Printing our pictures used to be an essential part of the photography process.
In the days of film, it was quite literally the only way of seeing what you had taken and holding the final image in your hand was a crucial last step in the photographic journey.
Roll on a few years and, with the advent of digital photography, a lot has changed. We can now see instantly what the image looks like and, if it's not quite in focus or the exposure isn't quite right, we can just have another go.
Post processing has also changed beyond recognition. Gone are the days of dark rooms, red light bulbs, bulky equipment and strong chemicals. Now we just slot the memory card into our computer and edit away and, if you have a laptop, you can even edit your images in the front room whilst spending time with your family - something that would have been completely unheard of just a few years ago!
But one of the fundamental changes that digital photography has brought is in how we actually view photographs.
Instagram, Facebook, Flickr and Twitter are probably some of the best known social media platforms for sharing images and experiences. I love to scroll Instagram and Flickr and often come away feeling inspired and overwhelmed by the shear quality of the images I find.
But unfortunately, many of these beautiful images have never seen the light of day and, because of the shear number of amazing images bombarding us daily, all but a select few will be forgotten very quickly.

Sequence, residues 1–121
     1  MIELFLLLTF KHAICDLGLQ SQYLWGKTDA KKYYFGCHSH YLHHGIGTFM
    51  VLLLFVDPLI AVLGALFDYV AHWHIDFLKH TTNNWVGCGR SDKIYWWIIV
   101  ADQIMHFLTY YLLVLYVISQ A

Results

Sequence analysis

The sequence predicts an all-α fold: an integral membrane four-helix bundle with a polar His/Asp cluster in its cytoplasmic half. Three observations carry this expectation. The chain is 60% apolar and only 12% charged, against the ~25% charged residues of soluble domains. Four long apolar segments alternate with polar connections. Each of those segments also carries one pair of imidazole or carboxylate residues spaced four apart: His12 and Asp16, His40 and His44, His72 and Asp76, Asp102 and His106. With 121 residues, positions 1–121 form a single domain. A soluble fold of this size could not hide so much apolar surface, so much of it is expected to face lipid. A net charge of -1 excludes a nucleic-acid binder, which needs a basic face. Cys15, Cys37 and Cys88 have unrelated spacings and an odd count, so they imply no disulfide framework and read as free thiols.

So what has all this got to do with printing?
After many years just storing my images on my hard drive and just looking at them on my computer, around a year ago I started printing my images again and something strange happened. My photography changed.........and this was not just a small change, this was a fundamental shift in my photography which I feel has made me a better photographer.
So, how could the simple act of printing a few images have had such a dramatic effect on my photography?
Well, I can think of three key points that explain why printing my images has been so important in developing my photographic skills.....
1. Time to really look at your images
When we scroll down our social media feeds, we see many, many images and most of the time we just glance at them, give them a "like" or thumbs up, then move on.
We can also do this when we look at our own images on our computer. After we've finished editing a photograph, we may only then give it a quick glance now and again when we scroll through our image library. Maybe we'll put it in a slide show so it'll show for 5-10 seconds before moving onto the next or, if you really like it, you might put it as a desktop wallpaper or screen saver on your computer for a few months, but eventually it'll most probably be replace by another image.
Does this sound familiar? I certainly fell into this trap and it really is a shame. We spend so long planning photography trips, learning our skill, buying expensive equipment, editing and re-editing our pictures, all for just the odd 5-10 second glance? Seems a bit of a waste to me.
But printing pictures allows us time to really look and feel our images. There really is nothing quite like holding one of your own pictures in your hands, looking at it under different lighting, turning it over and over and really looking at it i the "real world". It feels so much more real, more tangible, and far more personal than an image on a screen ever could.
But having it out here, in the real world, allows us time to live with our images and this can be extremely useful in so many ways.
I have a space in my office where I put my images up and I try to spend a little time each day looking at them. This may be only 5 minutes, or it may be a little longer, but what I have learned by living with my images is that I never get the editing process right the first time!